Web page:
Thematic examination of responses to the question “What (if any) part(s) of the course did you find useful?” revealed four major themes. The most common theme (56 respondents) was termed “all of it” which is exemplified by the comments:

  • Everything about the course. I really enjoyed it and have suffered with mental illness myself”; and.

  • I feel overall it will create a great attitude in the workplace around mental health”.

Fig. 2
figure 2

Quantitative Feedback from Prevail Staff Intervention

The theme “videos and case studies” was reported as being particularly useful by 50 respondents, where they expressed that seeing real people (and their colleagues in particular) talking about their mental health difficulties and well-being, enhanced their understanding of these issues (with one video and case study included for each of anxiety, depression, stress, and bereavement).

For example:

The theme “mental health as a continuum” was mentioned as being particularly useful by 22 respondents and as important in tackling stigma and self-stigma.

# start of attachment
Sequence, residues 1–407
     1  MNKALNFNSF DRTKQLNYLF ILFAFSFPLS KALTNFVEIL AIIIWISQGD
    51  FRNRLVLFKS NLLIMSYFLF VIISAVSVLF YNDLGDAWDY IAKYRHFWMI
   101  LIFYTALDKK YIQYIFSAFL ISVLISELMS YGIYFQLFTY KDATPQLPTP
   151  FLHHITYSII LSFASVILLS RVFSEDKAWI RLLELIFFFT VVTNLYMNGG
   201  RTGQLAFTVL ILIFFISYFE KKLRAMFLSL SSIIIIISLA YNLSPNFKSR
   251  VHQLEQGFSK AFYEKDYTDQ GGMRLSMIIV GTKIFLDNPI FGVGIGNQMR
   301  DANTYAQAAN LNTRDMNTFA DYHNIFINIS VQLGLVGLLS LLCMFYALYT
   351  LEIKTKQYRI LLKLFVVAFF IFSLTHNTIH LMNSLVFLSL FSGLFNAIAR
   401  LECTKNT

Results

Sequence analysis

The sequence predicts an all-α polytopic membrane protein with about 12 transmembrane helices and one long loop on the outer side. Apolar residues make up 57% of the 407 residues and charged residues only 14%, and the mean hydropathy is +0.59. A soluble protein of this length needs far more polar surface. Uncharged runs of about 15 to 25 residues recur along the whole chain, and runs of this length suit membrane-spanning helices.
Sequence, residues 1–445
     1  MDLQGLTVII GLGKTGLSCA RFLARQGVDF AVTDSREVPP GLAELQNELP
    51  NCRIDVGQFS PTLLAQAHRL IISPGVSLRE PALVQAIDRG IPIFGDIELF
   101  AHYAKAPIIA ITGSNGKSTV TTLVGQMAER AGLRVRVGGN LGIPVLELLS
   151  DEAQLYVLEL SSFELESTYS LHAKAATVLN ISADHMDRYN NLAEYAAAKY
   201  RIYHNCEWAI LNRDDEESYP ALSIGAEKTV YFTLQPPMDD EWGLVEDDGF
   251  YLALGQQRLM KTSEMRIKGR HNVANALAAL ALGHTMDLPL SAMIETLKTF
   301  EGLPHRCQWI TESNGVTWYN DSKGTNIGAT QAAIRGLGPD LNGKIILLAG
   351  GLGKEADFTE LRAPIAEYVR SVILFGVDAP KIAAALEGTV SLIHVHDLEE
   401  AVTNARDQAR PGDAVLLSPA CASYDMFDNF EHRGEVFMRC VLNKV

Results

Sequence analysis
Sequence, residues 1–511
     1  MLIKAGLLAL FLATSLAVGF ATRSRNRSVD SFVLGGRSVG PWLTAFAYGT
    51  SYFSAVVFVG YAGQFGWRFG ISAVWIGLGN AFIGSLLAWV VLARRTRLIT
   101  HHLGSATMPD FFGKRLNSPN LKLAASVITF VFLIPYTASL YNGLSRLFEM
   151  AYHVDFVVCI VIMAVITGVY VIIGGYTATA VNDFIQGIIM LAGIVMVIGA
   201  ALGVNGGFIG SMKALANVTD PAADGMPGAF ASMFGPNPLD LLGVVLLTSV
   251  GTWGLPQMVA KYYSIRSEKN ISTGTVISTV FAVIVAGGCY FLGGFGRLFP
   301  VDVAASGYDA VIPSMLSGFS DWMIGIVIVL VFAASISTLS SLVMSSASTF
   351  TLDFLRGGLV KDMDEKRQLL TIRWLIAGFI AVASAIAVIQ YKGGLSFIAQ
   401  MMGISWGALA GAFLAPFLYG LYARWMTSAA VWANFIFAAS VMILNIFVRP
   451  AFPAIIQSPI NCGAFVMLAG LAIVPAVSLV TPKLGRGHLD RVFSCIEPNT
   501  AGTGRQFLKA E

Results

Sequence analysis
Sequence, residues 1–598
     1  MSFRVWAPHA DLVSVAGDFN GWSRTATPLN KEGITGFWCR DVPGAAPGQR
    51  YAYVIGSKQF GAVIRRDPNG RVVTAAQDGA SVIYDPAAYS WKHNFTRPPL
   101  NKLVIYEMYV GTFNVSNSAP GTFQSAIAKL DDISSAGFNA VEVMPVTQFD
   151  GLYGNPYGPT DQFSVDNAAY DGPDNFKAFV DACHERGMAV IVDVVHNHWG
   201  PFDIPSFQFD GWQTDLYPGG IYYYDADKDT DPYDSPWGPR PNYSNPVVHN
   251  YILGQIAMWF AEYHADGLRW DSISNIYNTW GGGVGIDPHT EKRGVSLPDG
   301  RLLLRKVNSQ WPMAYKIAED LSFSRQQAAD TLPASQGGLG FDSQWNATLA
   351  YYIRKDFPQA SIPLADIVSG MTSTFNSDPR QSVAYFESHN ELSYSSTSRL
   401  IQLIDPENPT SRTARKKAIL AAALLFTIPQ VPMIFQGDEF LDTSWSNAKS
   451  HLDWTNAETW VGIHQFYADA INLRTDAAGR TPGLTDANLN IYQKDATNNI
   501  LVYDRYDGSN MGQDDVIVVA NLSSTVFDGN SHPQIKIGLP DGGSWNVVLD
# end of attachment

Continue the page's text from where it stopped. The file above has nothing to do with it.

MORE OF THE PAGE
For example:

Finally, 16 people mentioned the section on “stress” as being particularly useful, with the theme emerging that this is often ignored and not treated as a real or significant problem impacting mental health and well-being in the workplace.

For example:

  • I particularly found the section about stress the most useful as it’s something that applies to everyone. Whereas depression and anxiety is something that’s regularly talked about and advertised everywhere, stress doesn’t usually get talked about in as much detail, which is why I found it the most interesting”.

In total 49 people undertook the Prevail Managers training. This included the 38 managers in the active arm of the study alongside 11 other senior managers not directly involved in the main study. No demographic information was taken. A summary of the quantitative results for the Prevail Manager Intervention is given in Fig. 3. The four questions relating to the palatability of the Prevail Manager Intervention programme all received overwhelming endorsement: 96% of managers thought that the aims of the intervention were met, 92% finding the content easy to understand, 88% of managers thought that the pace of the intervention was appropriate, and 85% felt its duration was suitable. Examination of those that disagreed with any of these statements did not establish any common comments or themes, with the reasons given being contradictory (e.g. one person thinking the intervention programme was “too slow” whereas another felt it was “too fast”).

Fig. 3
figure 3